Mapping of reads to the reference genome, gene annotation, and gene expression analysis

The grape genome and annotations were downloaded from The clean reads were mapped to the grape reference genome (PN40024 assembly 12X) sequence using Bowtie2 (v2.2.5), and the gene expression level was calculated using RSEM (V1.2.12). The expression quality of unigenes is expressed in terms of fragments per kilobase of exon per million mapped fragments (FPKM). The DESeq R package (1.10.1; R-Forge, Brussels, Belgium) was used to identify DEGs between groups. The p-value was adjusted based on the q-value [55]. A q-value < 0.005 and |log2 (fold change) | ≥ 1 were set as the thresholds for significantly differential expression. Gene Ontology (GO) enrichment analysis of the DEGs was performed using the GOseq R packages based on the Wallenius non-central hyper-geometric distribution, which can adjust for gene length bias in DEGs [56]. The Kyoto Encyclopedia of Genes and Genomes (KEGG) is a database providing resources for understanding the high-level functions and utilities of biological systems, such as cells, organisms, and the ecosystem, based on molecular-level information (especially large-scale molecular datasets generated by genome sequencing and other high-throughput experimental technologies; [57]. We used KOBAS software to identify DEGs in KEGG pathways [58].

Real-time quantitative polymerase chain reaction (qRT-PCR) analysis

Twenty genes related to the aroma metabolism in grape skin were analysed using qRT-PCR to verify the accuracy of transcriptome sequencing. The primers for qRT-PCR were synthesized by Sangon Biotech (Shanghai, China); the details are shown in Supplementary Table S5. The expression levels of selected genes were analysed using the LightCycler 480 system (Roche Diagnostics, Indianapolis, IN, USA). The 2−ΔΔCt method was applied to calculate the relative transcript levels of each gene [59]. Three replicates of samples from different plants were collected under the same conditions for qRT-PCR analyses.

Statistical analysis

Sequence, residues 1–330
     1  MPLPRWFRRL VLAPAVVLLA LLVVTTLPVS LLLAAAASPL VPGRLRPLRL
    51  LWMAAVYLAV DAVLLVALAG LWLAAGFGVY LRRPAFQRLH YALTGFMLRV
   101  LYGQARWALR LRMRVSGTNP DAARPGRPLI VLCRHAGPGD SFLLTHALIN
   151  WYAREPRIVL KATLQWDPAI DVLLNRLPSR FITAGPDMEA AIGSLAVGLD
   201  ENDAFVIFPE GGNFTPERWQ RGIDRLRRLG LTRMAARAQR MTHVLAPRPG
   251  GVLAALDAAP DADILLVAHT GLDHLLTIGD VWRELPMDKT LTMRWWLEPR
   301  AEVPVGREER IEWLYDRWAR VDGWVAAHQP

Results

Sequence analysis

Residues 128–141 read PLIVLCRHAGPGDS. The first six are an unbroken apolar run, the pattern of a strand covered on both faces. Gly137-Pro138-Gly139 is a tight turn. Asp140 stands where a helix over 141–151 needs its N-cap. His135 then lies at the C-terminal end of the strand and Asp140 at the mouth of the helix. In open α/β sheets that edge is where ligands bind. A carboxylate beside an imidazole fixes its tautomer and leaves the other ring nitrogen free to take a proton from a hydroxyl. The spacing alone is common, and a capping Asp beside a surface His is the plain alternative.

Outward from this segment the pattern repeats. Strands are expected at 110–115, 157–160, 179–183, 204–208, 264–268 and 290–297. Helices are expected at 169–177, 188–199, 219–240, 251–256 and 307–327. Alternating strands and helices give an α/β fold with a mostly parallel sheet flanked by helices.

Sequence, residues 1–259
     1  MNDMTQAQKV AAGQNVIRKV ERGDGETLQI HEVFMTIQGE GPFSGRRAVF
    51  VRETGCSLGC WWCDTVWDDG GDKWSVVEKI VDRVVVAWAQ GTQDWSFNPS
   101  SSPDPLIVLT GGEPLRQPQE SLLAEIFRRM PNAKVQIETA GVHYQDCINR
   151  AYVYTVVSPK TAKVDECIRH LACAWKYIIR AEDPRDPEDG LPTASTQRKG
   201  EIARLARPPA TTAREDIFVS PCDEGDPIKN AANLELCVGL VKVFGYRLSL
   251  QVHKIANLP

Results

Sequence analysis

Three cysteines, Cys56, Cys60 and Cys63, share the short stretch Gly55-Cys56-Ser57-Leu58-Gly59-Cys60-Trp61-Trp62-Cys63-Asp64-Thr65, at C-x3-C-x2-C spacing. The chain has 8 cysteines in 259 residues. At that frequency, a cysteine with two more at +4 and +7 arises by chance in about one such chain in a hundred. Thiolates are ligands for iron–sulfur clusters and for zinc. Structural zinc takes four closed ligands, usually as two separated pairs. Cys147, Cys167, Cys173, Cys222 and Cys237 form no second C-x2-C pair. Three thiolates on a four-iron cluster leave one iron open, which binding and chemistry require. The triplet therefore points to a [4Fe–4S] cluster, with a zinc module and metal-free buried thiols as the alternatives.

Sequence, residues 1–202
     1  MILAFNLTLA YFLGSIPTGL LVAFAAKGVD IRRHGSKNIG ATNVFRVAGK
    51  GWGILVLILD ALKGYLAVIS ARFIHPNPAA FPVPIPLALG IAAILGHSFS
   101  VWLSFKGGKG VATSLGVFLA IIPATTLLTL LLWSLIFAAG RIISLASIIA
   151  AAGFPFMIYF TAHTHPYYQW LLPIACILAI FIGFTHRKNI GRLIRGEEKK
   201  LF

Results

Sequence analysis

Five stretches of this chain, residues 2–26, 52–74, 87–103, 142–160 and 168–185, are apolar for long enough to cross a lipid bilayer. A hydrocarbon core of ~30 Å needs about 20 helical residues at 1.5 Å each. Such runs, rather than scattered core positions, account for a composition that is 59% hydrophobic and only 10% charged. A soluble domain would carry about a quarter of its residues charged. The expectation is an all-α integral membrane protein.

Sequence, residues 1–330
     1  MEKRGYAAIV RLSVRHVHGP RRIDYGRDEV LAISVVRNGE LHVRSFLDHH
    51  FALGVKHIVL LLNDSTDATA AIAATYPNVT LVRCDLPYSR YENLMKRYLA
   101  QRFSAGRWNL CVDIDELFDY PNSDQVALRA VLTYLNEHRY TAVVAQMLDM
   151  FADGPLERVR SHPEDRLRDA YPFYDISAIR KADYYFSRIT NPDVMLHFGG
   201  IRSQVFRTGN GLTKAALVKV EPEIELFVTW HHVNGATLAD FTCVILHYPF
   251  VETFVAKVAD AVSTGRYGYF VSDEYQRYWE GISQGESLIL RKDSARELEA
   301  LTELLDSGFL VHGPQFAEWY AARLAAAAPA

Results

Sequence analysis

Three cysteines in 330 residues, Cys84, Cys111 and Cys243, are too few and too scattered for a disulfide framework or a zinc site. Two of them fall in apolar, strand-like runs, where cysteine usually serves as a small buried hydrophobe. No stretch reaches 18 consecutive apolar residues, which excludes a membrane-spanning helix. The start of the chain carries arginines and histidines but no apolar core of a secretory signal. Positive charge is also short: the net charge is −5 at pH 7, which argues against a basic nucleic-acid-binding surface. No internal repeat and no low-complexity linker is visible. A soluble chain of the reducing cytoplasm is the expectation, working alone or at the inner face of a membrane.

All data were subjected to one-way analysis of variance after testing their normality. Orthogonal partial least squares-discriminant analysis (OPLS-DA) and principal components analysis (PCA) were performed using SIMCA14.1; both analyses were weighted using unit variance scaling. Significant differences between cultivars were assessed by Tukey’s post-hoc test (p < 0.05) using SPSS software (ver. 17.0; SPSS Inc., Chicago, IL, USA).

Data availability

The transcriptomic data are available in NCBI Gene Expression Omnibus repository ( under accession number GSE223965. The data sets supporting the results of this article are included within the article and its additional files.



volatile organic compounds


odour activity values


2-C-methyl-d-erythritol-4- phosphate


Summer Black


Shine Muscat


Midknight Beauty


Centennial Seedless




weeks ripen-stage


isopentenyl diphosphate


dimethylallyl diphosphate


1-deoxy-d-xylulose-5-phosphate synthase


1-deoxy-d-xylulose-5-phosphate reductoisomerase


hydroxymethylbutenyl diphosphate reductase


3-hydroxy-3-methylglutaryl-CoA synthase


HGM-CoA reductase


terpenoid synthase


solid-phase micro-extraction


gas chromatography–mass spectrometry


mRNA sequencing


total soluble solids


titratable acidity


transcription factors


differentially expressed genes


gene ontology


Kyoto Encyclopedia of Genes and Genomes


open reading frames


principle component analysis


fragments per kilobase per million mapped reads


UDP glycosyltransferase




cinnamoyl-CoA reductase